The latest book in the Australian Disaster Zones series, Alex is a powerful story providing multi-layered insights into a farming community suffering from a crippling drought.
In the text’s accompanying Teachers’ Notes, Rosanne Hawk (whose 2012 novel Taj and the Great Camel Trek was shortlisted for the NSW Premier’s Literary Awards) describes her own experiences growing up in a rural community during a drought and her motivation to write a story showing the hardships and the resilience of those affected – especially the children.
It’s 2020, and despite the drought, thirteen year old Alex loves living on Spring Park, his family’s property in the Flinders Ranges. He knows he has more independence than the town kids, riding his horse – or driving the family ute – for hours at a time, checking fences and hand-feeding the sheep, accompanied only by his kelpie.
But although farm life suits him well, Alex is growing increasingly concerned about his Dad, who has been suffering from major depression for the past twelve months. And as his Dad’s illness continues, the bulk of the farm work falls to Alex, whose Mum has to work at the local pub to make ends meet.
When the drought forces wild dogs onto his property, Alex doesn’t know who to turn to. But his new classmate and neighbour, Bonny, learns what is happening and suggests Alex borrow some of her family’s camels, explaining that camels protect sheep and help improve the land by eating introduced weeds. Alex shares Bonny’s enthusiasm for sustainable farming but knows that camels will be a hard sell to his parents, who follow the mainstream community’s view that they are nothing more than a pest.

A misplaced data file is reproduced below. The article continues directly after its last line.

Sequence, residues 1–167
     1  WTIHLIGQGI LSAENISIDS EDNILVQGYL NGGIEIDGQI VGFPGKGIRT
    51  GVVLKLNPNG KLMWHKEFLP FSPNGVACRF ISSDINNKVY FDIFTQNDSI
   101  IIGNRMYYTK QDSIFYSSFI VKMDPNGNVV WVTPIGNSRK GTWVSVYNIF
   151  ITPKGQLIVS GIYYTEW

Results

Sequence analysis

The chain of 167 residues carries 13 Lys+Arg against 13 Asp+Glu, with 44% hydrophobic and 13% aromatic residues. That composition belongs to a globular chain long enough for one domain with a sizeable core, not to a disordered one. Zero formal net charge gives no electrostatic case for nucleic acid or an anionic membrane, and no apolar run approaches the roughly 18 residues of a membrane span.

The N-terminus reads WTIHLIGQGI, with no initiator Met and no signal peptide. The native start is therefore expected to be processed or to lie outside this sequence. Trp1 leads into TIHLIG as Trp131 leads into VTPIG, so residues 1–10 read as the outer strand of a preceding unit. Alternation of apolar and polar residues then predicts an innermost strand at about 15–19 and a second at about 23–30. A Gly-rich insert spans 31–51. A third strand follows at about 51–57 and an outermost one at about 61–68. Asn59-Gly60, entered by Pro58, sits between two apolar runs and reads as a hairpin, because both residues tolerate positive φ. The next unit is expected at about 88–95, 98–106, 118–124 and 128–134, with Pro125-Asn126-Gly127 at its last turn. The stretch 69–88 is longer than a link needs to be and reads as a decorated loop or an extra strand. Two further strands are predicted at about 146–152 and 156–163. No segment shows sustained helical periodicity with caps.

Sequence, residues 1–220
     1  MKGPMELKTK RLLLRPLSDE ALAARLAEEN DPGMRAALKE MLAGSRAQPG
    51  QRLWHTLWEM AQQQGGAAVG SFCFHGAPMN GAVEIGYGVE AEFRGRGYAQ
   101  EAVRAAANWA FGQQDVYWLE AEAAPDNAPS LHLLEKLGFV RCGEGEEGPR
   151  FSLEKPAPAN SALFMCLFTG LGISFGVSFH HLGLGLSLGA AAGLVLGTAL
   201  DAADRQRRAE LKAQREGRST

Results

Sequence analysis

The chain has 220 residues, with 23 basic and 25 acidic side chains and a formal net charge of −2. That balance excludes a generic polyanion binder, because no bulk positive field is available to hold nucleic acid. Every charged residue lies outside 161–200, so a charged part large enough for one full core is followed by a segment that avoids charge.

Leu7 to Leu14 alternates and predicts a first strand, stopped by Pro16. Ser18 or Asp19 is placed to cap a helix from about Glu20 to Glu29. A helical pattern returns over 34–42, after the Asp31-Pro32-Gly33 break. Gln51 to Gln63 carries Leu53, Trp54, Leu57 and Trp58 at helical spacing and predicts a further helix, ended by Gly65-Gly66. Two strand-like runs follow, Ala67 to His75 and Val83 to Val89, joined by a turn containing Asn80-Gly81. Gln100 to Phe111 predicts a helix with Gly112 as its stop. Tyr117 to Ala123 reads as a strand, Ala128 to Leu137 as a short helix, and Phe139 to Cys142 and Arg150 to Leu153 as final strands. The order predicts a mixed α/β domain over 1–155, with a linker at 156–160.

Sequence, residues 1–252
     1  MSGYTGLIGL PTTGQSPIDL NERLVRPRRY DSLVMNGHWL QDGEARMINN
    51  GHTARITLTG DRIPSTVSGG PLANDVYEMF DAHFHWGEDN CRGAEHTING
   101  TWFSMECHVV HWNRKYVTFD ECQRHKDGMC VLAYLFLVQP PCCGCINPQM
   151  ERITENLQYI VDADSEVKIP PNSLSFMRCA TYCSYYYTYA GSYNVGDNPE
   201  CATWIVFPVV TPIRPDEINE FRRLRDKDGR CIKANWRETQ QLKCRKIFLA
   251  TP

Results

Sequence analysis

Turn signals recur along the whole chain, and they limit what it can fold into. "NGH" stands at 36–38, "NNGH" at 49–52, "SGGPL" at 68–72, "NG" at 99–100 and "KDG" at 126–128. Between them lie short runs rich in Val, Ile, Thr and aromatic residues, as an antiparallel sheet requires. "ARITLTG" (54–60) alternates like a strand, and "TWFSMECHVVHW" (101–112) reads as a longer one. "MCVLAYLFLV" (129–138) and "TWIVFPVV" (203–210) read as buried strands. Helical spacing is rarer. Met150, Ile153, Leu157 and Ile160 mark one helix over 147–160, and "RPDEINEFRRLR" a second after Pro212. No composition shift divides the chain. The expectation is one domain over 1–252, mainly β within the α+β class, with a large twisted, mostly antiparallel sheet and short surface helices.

While it occasionally feels like the story slips from Alex’s perspective into something closer to narrative non-fiction in the lengthy descriptions of farming life and new sustainability practices, the details are fascinating and give the text richness and depth.
With themes of sustainability, resilience, and mental health, Alex is an eye-opening read about growing up on a property and the way drought impacts every member of the community. It treats its heavy topics with nuance and sensitivity, and would make an excellent classroom read for children eleven years and older.